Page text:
In traditional schools, the day is almost entirely dictated by the teacher. A student might be engrossed in a math lesson, but, oh, sorry, we have to start reading class now. A student might not be ready to learn how to read, but, oh, sorry, all of the students are doing that lesson right now, better keep up! Not all kids learn in exactly the same way or at the same pace and if they can't adapt to the cookie-cutter world of traditional education, they miss out on the wonders of learning.
My personal observations:
Ryan has been in the Montessori environment since September. It is amazing how much he has accomplished in that time. He has always been a bright kid and he absolutely thrives with Montessori. At age 4 1/2, he is now working on multiplication. If he was in a traditional school, we would not even know that he is ready for that because it is not even offered to kindergartners. And if we did know, he'd have to wait until 3rd grade to learn it.
Sure, schools have gifted and talented programs, but my experience has been that they meet with the kids maybe once a week and do some "harder" work...maybe a more advanced book, etc. That is not sufficient as far as I'm concerned. Now, do all the 4-year-olds in Ryan's class know multiplication? No and that's precisely the point. There are some who are still learning their numbers and others who are doing addition, etc.. It's all individual. Does this mean that all the kids are off on their own doing their own thing all day? Absolutely not. There is such a strong sense of community in a Montessori classroom that it is like a big family. Due to the multi-aged grouping, you have all kinds of social and learning opportunities. The older kids mentor the younger ones and the younger ones look up to the older ones.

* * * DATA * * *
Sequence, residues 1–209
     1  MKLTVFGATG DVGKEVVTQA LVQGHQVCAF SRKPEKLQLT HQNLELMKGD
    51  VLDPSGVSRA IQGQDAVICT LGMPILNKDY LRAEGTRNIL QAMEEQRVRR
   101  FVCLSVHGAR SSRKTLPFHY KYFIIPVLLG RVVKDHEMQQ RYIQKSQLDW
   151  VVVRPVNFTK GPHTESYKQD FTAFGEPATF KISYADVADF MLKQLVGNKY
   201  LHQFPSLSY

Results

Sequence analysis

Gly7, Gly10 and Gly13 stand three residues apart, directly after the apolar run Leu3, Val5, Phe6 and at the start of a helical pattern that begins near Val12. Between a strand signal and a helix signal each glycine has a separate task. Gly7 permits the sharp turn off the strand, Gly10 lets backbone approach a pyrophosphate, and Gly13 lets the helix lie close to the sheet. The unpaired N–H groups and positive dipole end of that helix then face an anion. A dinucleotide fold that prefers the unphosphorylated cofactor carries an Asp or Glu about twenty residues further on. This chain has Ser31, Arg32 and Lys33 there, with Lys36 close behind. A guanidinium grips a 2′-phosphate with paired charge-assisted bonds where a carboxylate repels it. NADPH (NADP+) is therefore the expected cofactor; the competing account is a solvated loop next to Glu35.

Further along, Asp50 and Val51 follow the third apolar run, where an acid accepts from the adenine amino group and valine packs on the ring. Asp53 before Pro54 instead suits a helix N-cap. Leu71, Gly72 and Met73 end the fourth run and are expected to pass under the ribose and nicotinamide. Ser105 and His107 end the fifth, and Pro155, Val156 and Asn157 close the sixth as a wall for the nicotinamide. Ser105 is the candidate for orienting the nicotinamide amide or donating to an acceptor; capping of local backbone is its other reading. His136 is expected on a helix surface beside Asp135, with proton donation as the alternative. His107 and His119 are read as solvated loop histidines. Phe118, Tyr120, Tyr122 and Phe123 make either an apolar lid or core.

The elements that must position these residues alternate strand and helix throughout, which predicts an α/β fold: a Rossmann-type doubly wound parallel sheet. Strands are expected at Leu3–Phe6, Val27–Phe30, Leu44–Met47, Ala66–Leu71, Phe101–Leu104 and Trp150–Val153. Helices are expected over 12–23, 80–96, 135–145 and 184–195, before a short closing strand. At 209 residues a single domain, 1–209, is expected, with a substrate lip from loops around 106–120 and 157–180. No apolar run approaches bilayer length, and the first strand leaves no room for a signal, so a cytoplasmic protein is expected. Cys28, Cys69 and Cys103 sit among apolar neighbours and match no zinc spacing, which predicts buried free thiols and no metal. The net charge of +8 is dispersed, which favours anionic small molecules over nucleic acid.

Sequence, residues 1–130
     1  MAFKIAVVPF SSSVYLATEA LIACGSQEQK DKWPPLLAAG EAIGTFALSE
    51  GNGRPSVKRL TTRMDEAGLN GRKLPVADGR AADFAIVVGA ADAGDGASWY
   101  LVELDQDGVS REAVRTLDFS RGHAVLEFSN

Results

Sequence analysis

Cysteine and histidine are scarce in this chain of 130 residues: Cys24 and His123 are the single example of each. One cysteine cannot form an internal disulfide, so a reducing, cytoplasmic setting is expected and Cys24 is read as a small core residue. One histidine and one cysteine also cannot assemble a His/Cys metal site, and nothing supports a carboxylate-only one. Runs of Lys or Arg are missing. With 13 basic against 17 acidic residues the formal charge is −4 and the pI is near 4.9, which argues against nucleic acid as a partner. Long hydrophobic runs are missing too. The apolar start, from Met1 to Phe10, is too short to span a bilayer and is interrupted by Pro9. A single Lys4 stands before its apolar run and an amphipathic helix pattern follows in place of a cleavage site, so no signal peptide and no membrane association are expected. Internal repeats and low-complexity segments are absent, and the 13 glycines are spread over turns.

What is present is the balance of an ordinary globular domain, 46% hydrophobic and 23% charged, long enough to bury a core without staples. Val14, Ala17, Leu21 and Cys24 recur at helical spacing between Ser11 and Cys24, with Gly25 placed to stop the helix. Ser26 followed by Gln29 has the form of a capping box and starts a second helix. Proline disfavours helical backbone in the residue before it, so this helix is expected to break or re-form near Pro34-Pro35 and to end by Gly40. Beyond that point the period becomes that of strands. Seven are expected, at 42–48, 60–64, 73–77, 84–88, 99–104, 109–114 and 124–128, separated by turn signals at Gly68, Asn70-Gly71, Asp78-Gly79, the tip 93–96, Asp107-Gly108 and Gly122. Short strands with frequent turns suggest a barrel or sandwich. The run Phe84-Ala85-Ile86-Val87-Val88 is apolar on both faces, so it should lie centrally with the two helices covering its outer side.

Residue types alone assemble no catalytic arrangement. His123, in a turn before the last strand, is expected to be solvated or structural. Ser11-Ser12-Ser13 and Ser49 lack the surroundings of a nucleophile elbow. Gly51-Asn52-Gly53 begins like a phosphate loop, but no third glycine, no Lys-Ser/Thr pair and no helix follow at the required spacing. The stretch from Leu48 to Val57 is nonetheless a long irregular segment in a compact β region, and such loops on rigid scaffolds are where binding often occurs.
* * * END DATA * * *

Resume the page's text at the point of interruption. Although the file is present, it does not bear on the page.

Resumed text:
Montessori is what I've chosen for my children. I do not fault other parents if they choose a more "traditional" education. However, I just ask that parents give some thought to the educational choices they make for their children, and that they at least consider Montessori. If it were up to me, ALL schools would use the Montessori method, but that would be such a HUGE overhaul of the current system that it'll never happen.
Unfortunately, most Montessori schools are private and thus tuition costs can be the deciding factor for many families. We have decided to make sacrifices just as we did to ensure that I could stay home with my children rather than send them to day care. I just think that it's all worth it. The foundation children acquire from experiencing Montessori will help them succeed anywhere and teach them to love learning for life.I give it an A+.
Note: I am taking a hiatus from my "Mommy Minute" column. For those of you who don't know, I am the editor for Canyon News. Since becoming a print newspaper in addition to the Web site, we are getting bigger and better and BUSIER. So, I'm going to focus on that part of my involvement with Canyon News and hope to perhaps return to my column at a later date. You can read all of my past articles by clicking on "Mommy Minute" in the left column. Thanks for reading!